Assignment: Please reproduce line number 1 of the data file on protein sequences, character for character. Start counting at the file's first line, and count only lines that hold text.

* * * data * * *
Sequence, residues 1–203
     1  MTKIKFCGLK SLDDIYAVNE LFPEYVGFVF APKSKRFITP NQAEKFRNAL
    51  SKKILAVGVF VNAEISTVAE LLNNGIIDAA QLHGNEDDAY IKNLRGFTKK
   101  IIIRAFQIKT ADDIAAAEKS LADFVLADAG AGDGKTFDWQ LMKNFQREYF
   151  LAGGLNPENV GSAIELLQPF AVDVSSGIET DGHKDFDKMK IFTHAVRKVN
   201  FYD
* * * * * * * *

Sequence, residues 1–203